Non serviam

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Non serviam is Latin for "I will not serve". The phrase is traditionally attributed to Satan, who is thought to have spoken these words as a refusal to serve God in heaven. The earliest use of the phrase is found in James Joyce's Ulysses

Today "non serviam" is also used or referred to as motto by a number of political, cultural, and religious groups to express their wish to rebel; it may be used to express a radical view against established common beliefs and organisational structures accepted as the status quo.

Use[edit]

In the Latin Vulgate, Jeremiah laments that the people of Israel speak "non serviam" to express their rejection of God (Jeremiah 2:20). The words became a general expression of the basic manner of rejecting God, such that it would apply to the fall of Satan. The words have thus been attributed to Satan.

In modern times "non serviam" developed also into a general phrase used to express radical, sometimes even revolutionary rejection of conformity, not necessarily limited to religious matters only and as expressed in modern literary adaptations of the motto.[1]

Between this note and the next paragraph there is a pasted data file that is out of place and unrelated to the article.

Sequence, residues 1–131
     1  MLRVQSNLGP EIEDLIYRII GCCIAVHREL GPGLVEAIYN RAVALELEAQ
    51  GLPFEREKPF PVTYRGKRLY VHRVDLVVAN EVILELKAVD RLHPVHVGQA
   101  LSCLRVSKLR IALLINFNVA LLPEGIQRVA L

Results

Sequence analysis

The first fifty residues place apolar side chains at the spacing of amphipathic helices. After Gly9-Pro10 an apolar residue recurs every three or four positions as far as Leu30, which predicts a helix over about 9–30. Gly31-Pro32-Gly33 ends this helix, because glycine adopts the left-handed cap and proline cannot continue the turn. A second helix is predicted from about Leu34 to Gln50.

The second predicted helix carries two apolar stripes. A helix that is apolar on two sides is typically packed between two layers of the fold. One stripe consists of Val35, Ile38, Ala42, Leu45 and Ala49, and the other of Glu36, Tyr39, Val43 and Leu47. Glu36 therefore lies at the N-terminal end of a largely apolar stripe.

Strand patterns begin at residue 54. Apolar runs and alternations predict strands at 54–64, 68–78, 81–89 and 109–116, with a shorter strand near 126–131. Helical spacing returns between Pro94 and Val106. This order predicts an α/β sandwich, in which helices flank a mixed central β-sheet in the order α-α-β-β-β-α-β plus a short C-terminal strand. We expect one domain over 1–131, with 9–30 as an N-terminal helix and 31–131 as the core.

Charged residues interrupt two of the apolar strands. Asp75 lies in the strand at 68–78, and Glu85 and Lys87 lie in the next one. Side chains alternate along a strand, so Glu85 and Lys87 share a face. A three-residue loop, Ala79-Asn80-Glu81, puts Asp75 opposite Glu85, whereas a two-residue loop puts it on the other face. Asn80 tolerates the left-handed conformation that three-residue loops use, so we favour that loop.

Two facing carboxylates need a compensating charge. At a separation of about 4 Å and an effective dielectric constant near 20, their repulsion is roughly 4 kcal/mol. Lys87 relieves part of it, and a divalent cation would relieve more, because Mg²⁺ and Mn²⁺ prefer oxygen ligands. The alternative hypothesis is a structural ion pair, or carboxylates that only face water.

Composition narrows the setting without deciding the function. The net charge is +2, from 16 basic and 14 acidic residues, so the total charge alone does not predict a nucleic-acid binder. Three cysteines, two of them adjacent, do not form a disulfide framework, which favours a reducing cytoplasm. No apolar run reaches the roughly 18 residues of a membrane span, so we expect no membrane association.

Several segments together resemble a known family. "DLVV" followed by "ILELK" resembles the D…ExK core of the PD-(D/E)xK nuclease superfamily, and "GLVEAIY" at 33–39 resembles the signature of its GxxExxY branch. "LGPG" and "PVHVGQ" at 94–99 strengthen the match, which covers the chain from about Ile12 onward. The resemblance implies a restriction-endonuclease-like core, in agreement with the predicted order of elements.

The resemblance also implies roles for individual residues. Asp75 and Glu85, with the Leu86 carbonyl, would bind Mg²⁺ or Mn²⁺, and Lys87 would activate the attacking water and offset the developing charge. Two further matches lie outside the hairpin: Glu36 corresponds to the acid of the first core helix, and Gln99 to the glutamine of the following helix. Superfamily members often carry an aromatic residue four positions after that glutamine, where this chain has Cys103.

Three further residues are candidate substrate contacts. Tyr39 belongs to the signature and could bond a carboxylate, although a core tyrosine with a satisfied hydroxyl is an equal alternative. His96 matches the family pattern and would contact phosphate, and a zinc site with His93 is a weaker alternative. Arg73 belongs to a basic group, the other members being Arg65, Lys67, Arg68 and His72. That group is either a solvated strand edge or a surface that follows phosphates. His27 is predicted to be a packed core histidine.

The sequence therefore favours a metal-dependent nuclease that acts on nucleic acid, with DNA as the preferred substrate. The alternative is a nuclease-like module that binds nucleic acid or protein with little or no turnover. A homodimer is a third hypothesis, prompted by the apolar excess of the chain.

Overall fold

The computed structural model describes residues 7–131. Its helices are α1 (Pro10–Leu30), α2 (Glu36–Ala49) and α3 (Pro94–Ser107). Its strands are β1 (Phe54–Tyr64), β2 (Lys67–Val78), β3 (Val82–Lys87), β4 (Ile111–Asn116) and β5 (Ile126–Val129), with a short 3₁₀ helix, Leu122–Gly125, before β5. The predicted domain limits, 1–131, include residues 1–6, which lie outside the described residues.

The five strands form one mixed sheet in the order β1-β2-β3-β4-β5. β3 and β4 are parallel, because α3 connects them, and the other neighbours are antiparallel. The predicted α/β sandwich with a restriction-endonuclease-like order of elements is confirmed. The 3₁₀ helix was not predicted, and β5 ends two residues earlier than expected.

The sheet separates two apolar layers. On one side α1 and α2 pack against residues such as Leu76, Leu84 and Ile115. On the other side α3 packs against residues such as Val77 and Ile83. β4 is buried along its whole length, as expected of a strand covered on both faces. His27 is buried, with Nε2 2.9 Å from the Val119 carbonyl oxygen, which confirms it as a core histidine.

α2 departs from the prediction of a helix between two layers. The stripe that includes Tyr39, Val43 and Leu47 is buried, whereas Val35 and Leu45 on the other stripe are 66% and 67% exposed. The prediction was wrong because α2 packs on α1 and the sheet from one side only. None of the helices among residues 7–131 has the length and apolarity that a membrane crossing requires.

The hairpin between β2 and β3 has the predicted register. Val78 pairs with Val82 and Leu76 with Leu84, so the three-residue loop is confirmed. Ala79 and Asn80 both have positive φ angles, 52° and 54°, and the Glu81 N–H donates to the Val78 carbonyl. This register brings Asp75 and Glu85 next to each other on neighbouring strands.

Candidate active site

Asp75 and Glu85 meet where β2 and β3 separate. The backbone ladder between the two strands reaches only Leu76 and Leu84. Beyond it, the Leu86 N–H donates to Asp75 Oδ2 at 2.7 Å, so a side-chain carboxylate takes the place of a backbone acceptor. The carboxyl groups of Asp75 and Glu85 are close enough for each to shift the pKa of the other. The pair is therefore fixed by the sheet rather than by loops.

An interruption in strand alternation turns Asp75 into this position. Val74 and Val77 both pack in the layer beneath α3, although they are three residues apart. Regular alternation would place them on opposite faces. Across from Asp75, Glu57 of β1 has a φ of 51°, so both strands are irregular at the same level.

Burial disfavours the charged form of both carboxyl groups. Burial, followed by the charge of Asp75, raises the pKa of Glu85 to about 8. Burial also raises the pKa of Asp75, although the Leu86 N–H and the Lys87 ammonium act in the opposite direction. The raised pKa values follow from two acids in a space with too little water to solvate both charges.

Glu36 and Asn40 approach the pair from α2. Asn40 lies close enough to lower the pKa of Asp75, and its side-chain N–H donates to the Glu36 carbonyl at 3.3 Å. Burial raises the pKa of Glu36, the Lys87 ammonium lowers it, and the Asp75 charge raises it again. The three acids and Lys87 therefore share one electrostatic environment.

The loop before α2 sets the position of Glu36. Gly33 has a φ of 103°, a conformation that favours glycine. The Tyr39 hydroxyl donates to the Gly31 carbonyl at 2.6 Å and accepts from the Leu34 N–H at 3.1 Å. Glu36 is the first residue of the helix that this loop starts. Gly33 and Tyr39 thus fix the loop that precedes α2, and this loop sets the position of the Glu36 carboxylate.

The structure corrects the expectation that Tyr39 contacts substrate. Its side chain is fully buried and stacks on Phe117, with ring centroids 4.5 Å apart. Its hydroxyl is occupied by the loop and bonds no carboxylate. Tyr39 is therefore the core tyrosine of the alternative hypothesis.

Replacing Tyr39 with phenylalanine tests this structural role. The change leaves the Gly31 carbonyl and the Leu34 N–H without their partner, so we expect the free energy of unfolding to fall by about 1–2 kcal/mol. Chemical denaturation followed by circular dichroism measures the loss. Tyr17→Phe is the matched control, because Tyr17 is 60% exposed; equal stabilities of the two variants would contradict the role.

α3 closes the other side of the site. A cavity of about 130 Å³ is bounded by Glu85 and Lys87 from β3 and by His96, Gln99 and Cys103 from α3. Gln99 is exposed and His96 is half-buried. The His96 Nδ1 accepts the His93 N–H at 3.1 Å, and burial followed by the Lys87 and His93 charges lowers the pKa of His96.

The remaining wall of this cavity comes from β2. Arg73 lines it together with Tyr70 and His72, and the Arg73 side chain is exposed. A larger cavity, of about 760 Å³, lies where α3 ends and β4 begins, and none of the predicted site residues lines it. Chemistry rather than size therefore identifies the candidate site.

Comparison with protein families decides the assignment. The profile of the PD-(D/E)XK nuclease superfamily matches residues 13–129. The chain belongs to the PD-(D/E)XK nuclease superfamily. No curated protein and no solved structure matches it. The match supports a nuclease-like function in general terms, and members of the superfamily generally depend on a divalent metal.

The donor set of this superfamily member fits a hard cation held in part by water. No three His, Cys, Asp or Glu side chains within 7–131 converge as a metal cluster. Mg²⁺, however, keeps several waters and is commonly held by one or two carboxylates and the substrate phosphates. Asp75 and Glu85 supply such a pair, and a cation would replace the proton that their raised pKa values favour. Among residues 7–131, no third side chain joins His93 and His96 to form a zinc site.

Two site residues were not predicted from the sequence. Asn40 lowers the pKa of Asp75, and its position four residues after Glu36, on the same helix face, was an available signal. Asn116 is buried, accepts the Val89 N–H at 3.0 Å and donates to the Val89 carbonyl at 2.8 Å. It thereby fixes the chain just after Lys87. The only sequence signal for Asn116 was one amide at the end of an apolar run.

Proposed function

The expression underlies the Shermanesque statement "I will not accept if nominated and will not serve if elected", as well as Stephen Dedalus's in James Joyce's A Portrait of the Artist as a Young Man that "I will not serve that in which I no longer believe whether it call itself my home, my fatherland or my church: and I will try to express myself in some mode of life or art as freely as I can and as wholly as I can, using for my defence the only arms I allow myself to use – silence, exile, and cunning."[2]

Scriptural discussion[edit]

The original Hebrew phrase is לֹא אֶעֱבֹד (Lô´ ´e`ĕvôd), where it appears in a jeremiad against Israel, accusing them of refusing to serve God. Some English language Bibles may translate "non serviam" as "I will not transgress"; this seems to be an alternative reading of certain manuscripts. This is most likely a scribal error because the difference between "serve" (עבד) and "transgress" (עבר) in late Hebrew characters is so minute that it would be easy to mistake one for the other when hand-copying a manuscript. Most modern literal translations (such as the Revised Standard Version) choose "serve" over "transgress" as the proper reading because the context calls for a statement of disobedience, not of obedience.[citation needed]

References[edit]

  1. ^ cf. e.g. A. Olson, "Exile and Literary Modernism Initiation", in: A. Eysteinsson et al., Modernism Vol. 2, Amsterdam/Philadelphia 2007
  2. ^ Joyce, James (1922). A Portrait of the Artist as a Young Man. B. W. Huebsch. p. 291.

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